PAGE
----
After songs and songs of conflict and resentment, Hades, the king of the underground, and his wife, the goddess Persephone, rekindle their love. And, unexpectedly, they dance. It's one of the most compelling moments in the show.
Back in 2011 when Joe Lanteri first approached Katie Langan, chair of Marymount Manhattan College's dance department, about getting involved with New York City Dance Alliance, she was skeptical about the convention/competition world.
"But I was pleasantly surprised by the enormity of talent that was there," she says. "His goal was to start scholarship opportunities, and I said okay, I'm in."
Today, it's fair to say that Lanteri has far surpassed his goal of creating scholarship opportunities. But NYCDA has done so much more, bridging the gap between the convention world and the professional world by forging a wealth of partnerships with dance institutions from Marymount to The Ailey School to Complexions Contemporary Ballet and many more. There's a reason these companies and schools—some of whom otherwise may not see themselves as aligned with the convention/competition world—keep deepening their relationships with NYCDA.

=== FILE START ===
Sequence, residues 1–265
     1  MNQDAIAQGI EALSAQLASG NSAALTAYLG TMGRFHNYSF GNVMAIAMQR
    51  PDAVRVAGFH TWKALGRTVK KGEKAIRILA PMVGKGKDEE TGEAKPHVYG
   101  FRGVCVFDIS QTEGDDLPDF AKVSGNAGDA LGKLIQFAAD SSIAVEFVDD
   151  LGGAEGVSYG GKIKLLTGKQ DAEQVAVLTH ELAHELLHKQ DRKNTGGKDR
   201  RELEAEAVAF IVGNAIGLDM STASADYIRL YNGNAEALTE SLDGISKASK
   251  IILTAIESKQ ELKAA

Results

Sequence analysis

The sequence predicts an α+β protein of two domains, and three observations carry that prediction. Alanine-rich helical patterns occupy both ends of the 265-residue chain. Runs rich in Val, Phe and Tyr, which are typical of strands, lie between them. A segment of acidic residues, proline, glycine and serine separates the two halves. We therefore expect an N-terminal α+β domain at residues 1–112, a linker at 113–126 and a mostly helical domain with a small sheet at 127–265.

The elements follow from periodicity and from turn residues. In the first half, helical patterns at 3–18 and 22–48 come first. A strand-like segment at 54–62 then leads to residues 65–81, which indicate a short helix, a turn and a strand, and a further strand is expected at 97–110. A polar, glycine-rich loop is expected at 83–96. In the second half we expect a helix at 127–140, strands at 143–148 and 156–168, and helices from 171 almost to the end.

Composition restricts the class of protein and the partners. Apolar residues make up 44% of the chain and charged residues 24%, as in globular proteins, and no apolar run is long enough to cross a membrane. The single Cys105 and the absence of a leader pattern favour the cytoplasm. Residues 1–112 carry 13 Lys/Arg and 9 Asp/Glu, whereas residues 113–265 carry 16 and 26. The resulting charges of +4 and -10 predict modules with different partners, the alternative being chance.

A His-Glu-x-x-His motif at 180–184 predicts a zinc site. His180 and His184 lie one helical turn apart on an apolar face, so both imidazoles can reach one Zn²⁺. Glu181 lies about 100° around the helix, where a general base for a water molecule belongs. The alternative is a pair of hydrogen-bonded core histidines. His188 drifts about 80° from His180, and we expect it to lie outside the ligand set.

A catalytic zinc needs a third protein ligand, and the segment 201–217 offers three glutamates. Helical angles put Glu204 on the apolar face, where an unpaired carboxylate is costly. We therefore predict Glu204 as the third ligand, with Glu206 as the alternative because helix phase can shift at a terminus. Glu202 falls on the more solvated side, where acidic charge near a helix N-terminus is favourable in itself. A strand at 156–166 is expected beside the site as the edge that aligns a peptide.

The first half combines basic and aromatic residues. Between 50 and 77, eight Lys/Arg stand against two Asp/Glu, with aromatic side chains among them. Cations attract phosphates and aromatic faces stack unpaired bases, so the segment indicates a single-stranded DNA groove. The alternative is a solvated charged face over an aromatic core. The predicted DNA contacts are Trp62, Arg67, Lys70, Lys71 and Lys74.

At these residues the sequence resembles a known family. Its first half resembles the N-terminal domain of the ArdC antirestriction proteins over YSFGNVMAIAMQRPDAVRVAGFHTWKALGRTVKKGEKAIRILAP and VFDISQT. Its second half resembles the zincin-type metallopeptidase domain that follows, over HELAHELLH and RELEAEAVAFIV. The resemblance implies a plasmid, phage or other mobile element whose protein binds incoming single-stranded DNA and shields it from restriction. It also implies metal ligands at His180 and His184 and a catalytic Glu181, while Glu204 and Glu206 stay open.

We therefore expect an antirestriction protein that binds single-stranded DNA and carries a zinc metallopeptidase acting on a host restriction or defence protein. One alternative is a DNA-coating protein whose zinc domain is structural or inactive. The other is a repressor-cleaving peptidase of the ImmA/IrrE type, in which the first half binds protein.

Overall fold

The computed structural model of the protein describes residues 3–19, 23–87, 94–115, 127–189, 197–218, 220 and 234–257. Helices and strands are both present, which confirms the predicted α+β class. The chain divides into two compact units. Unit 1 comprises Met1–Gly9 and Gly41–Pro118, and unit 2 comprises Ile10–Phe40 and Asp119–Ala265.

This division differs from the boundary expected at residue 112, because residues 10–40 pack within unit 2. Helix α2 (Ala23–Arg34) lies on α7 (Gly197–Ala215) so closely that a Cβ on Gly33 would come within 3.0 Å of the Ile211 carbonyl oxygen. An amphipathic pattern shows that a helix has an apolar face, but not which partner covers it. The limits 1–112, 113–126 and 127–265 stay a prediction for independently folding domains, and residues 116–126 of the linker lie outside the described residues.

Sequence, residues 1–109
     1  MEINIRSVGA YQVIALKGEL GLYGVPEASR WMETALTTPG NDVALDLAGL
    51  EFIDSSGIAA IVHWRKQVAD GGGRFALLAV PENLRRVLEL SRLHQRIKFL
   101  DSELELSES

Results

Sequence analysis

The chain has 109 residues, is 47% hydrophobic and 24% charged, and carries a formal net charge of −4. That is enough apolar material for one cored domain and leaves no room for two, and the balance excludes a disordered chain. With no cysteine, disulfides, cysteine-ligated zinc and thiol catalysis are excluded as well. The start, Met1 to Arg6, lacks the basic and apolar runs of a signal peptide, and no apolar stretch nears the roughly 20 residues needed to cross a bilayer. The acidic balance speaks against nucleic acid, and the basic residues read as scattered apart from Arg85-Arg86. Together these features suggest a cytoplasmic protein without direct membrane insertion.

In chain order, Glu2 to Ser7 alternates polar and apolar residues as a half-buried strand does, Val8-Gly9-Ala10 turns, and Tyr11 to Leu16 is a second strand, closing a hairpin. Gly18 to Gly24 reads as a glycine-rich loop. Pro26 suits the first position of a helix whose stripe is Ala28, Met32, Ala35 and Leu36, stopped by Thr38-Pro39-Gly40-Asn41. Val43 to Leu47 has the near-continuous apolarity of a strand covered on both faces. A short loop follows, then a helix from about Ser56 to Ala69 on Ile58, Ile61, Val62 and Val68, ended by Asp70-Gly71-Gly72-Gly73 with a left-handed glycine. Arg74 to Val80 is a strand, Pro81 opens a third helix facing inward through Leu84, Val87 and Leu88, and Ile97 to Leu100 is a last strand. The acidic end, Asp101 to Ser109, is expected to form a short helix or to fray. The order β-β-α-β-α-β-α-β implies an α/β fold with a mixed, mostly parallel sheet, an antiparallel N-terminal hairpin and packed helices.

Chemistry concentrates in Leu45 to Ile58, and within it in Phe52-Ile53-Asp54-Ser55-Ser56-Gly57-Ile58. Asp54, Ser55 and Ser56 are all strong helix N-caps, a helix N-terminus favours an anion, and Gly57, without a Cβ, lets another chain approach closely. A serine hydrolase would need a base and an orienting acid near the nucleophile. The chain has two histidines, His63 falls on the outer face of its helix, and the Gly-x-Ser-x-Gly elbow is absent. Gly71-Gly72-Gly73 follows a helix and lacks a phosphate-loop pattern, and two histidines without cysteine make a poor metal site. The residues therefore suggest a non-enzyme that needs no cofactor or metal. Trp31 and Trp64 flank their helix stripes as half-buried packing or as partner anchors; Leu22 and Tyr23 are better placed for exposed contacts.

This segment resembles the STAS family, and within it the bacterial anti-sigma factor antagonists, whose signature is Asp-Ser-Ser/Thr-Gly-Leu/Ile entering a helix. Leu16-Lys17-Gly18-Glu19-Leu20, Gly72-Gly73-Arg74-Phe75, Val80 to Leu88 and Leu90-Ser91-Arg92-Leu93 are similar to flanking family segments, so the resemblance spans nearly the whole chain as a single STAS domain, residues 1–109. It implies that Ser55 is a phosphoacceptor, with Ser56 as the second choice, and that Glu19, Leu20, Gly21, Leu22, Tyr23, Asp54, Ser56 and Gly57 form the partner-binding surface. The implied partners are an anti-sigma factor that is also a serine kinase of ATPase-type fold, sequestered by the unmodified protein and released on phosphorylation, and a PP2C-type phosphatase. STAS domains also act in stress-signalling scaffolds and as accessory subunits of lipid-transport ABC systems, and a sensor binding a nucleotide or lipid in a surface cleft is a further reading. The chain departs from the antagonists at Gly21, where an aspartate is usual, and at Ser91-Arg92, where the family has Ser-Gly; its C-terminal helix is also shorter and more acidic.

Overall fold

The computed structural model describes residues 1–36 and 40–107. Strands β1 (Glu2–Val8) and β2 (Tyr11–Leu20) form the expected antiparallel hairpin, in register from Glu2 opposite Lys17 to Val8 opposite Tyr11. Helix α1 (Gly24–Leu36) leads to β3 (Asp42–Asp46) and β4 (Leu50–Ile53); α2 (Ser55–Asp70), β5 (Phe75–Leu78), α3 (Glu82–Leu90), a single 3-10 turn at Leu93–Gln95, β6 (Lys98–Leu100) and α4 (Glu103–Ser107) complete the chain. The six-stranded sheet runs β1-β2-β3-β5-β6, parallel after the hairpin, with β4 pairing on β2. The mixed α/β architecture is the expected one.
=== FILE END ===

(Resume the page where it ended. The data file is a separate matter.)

Now, college scholarships are just one of many ways NYCDA has gone beyond the typical weekend-long convention experience and created life-changing opportunities for students. We rounded up some of the most notable ones:
There's always been something larger than life about choreographer Mark Morris. Of course, there are the more than 150 works he's made and that incisive musicality that makes dance critics drool. But there's also his idiosyncratic, no-apologies-offered personality, and his biting, no-holds-barred wit. And, well, his plan to keep debuting new dances even after he's dead.
So it should come as little surprise that his latest distinction is also a bit larger than life: The New York Landmarks Conservancy is adding Morris to its list of "Living Landmarks."
"The show must go on" may be a platitude we use to get through everything from costume malfunctions to stormy moods. But when it came to overcoming a literal hurricane, Houston Ballet was buoyed by this mantra to go from devastated to dancing in a matter of weeks—with the help of Harlequin Floors, Houston Ballet's longstanding partner who sprang into action to build new floors in record time.